Psy’s Gangnam style was a calculated, almost scientific dance; heavily choreographed and eminently replicable, it soon shot to a billion hits, becoming the first YouTube video to do so.
But there’s a new dance on the block, now: the Harlem Shake. The Shake is a dance move from 1980s Harlem that made a comeback in 2011. American producer Baauer released Harlem Shake, the song named after the dance, and since then, community made videos of the beat have dominated the net, pushing the jig to the fore.
Back in the summer of 2012, Pitchfork – a website so often ahead of the curve – released an edition of their Selector videocast featuring rappers Despot and El-P giving their sixpence (and freestyle) on the beat.
Alex Debelov, CEO of Virool, a San Francisco firm that helps people promote their YouTube videos says these viral episodes rarely happen because "there's so much content now -- 1.5 million videos are uploaded to YouTube every single day."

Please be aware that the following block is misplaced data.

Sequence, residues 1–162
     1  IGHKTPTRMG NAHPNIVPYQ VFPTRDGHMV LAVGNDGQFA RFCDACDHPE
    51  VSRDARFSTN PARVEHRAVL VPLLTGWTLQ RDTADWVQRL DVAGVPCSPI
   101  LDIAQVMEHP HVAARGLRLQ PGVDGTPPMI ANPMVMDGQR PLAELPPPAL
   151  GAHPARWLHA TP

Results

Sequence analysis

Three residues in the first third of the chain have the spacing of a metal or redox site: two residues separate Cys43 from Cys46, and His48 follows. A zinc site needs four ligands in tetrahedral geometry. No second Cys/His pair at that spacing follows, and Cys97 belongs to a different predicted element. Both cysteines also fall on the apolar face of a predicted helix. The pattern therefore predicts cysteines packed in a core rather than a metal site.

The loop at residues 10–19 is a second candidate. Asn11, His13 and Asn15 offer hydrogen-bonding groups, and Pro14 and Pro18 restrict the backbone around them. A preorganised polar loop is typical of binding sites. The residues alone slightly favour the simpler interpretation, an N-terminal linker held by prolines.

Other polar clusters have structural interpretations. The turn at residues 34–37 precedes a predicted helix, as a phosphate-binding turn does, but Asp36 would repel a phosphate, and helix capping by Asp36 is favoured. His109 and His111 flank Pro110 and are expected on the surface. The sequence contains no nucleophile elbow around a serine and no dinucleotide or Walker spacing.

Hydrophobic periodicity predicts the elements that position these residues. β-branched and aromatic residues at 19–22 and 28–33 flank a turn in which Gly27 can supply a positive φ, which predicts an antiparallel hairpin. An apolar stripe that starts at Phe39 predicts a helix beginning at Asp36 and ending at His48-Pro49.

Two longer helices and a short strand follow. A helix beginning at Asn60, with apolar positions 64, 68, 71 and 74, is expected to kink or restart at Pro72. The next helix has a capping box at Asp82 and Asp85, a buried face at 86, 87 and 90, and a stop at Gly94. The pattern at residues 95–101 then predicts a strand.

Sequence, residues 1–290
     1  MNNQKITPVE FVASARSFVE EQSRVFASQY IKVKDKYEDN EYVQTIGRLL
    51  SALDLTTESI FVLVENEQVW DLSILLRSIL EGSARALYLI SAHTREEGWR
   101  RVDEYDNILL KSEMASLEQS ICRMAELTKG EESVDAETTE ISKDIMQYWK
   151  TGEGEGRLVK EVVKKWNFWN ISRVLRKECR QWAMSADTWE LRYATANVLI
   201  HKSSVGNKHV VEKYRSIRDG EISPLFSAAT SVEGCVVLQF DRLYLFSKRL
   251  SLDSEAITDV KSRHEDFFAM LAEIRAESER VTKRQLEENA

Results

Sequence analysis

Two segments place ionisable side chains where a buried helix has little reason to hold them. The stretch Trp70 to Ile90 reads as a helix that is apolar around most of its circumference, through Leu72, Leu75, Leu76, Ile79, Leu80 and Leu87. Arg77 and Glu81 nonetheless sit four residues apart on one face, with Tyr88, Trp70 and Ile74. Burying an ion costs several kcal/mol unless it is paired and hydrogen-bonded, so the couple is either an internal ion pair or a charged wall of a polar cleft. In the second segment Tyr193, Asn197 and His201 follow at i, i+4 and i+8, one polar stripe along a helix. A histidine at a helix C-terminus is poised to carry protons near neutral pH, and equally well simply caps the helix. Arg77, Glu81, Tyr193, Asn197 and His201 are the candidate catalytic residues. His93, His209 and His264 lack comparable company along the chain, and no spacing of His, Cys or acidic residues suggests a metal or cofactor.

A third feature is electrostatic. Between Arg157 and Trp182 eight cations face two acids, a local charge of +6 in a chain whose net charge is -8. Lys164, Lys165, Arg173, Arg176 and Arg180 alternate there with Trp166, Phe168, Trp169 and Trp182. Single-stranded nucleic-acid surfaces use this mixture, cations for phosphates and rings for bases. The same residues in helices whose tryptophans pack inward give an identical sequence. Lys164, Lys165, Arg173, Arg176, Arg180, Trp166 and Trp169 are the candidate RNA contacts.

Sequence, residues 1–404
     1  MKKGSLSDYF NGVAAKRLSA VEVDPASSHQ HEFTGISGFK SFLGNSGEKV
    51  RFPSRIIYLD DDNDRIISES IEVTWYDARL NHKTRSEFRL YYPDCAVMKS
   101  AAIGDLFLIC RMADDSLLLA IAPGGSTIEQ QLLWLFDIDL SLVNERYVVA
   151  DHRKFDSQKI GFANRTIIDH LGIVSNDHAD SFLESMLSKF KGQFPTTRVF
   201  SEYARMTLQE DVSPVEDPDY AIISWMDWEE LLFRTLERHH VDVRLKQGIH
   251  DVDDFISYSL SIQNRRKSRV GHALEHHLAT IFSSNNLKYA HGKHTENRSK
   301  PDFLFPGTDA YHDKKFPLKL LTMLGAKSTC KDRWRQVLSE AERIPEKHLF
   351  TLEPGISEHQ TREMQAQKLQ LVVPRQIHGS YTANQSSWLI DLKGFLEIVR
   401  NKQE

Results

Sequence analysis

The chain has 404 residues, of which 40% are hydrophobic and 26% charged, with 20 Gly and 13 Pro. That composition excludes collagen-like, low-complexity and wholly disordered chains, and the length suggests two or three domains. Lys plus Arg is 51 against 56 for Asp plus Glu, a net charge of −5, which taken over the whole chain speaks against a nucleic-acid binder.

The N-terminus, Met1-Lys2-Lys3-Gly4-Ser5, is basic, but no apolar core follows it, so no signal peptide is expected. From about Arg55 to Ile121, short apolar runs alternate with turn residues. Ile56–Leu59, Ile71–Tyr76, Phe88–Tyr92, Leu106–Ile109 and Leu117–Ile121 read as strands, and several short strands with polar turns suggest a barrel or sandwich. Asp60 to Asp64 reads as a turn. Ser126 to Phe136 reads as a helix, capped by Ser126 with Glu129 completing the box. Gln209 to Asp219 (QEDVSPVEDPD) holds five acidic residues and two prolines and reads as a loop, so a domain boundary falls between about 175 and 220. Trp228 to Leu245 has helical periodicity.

"The meme (of the Shake) is very easy to participate in -- all you need is some basic video-editing skills and a group of people who are game to participate. A motorcycle helmet helps, too," said Oliver Wang, a pop-culture writer and scholar. "I think the meme-ness has partially to do with the pleasures of dancing yourself silly."
For millions across the globe, 'Game of Thrones' is the most exciting and intriguing television series the world has ever seen.
Beck wishes he'd had ''more fun'' when Kanye West invaded the stage in protest at his 2015 Grammy Awards win.
The Duffer Brothers wanted to "experiment a little bit".